The difference today is the internet, and the visual knowledge that is available so conveniently and quickly. Cultural exchange that once might have taken hundreds of years is now happening practically overnight, and that can be a wonderful opportunity for sharing. It should not be used as a means of discouraging or demoralizing dancers. As a teacher, it really stings to be deprived of a source of inspiration by over-zealous xenophobic on-line critics when I love all forms of dance so much.

 

Can we not use the internet to share and educate each other? Emphatically, yes! Can we do it politely and professionally? That should be a given. Do we need to adopt an attitude of tolerance? Yes, dance is simply one person’s interpretation of a set of physical movements. A whole dance form can be owned by no one. We should put ourselves in someone else’s shoes before shaming them or slamming them. It is far easier to shoot someone down than it is to put yourself out there as the dancer. Artists come in all levels of knowledge, skills, and abilities. We need them all.

 

In dance, we have lost so much to the passage of time. Looking at the historical records of ancient civilizations and cultures, all we have left of them is their paintings or sculptures. Some of the art remaining has just a moment of dance frozen in time to spark our imagination. So perhaps those who wish to preserve and showcase traditional cultural forms of dance can video and either share them or find a way to make them available for posterity and future research. Careful descriptions would make these forms easy to find on an internet search. This constructive (rather than destructive) activity would go a longer way to preserving the history and regional differences than attacking people who appreciate the form and who are building on that knowledge.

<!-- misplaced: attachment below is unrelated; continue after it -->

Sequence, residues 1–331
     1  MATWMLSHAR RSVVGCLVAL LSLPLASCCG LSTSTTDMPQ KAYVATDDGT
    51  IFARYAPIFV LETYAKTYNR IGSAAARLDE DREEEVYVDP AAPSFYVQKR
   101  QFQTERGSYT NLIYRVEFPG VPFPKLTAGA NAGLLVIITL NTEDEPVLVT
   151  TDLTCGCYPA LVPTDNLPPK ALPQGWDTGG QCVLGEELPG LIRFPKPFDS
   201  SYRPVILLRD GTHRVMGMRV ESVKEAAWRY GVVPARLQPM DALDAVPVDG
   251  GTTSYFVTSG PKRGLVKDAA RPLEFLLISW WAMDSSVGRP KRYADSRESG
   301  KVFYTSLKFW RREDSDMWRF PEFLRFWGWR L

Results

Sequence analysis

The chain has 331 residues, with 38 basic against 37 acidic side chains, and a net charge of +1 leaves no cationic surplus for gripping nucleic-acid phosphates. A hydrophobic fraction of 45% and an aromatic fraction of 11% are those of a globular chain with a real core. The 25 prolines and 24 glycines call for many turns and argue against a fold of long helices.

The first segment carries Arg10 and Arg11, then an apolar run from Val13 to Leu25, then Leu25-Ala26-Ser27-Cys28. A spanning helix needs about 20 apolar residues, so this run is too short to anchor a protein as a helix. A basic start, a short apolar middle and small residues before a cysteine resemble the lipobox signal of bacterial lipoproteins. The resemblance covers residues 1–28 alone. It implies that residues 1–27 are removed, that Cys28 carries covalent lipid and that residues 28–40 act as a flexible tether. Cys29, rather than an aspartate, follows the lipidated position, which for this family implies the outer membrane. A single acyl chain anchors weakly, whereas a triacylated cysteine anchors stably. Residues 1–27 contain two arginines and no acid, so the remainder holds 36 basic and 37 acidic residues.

Ballet, Tap dance, Raqs Sharqui, and Flamenco are all a blending of different cultures. Moves in any one could be considered to be cultural appropriation from earlier groups of people. Believe it or not, even Bollywood is a fusion and blending of several cultures within India to emulate Hollywood, USA. We all enjoy watching and dancing these forms! We should appreciate the hard work and dedication it took to learn and create these forms.

 

None were sprung from thin air. Without some kind of so called appropriation there would be no growth or creativity. This is evolution, not appropriation.

This kind of cultural exchange is also true for virtually any other art form: from the making of instruments, to costume and jewelry design, to fine art, and even in athletics! Are the critics going to start patenting dance moves to prevent other cultures from using them? Nonsense.

 

I am an artist and an entertainer, one of many who work hard to make life interesting and vibrant for others. I create beauty out of movement and music to make something memorable. None of us deserve to be shot down for admiring and/or accidentally emulating moves from another culture.

 

 

Julianna

 

 

 

 

 

 

 

A speical thanks to my dear friend Mb Pancoast who helps keep me straight :)

Please reload

Related Posts
Please reload

Recent Posts

September 18, 2018

Please reload

Search By Tags
Please reload

Follow Us
  • Facebook Classic
  • Twitter Classic

© 2016 The Women's Bellydance Center.  All Rights Reserved.

Most Photos and Videos on the website have been taken by Carlos Tenorio, Trey McNabb, and Aliris.

Problems? Suggestions? Email the webmaster @  pdevorewbctr@gmail.com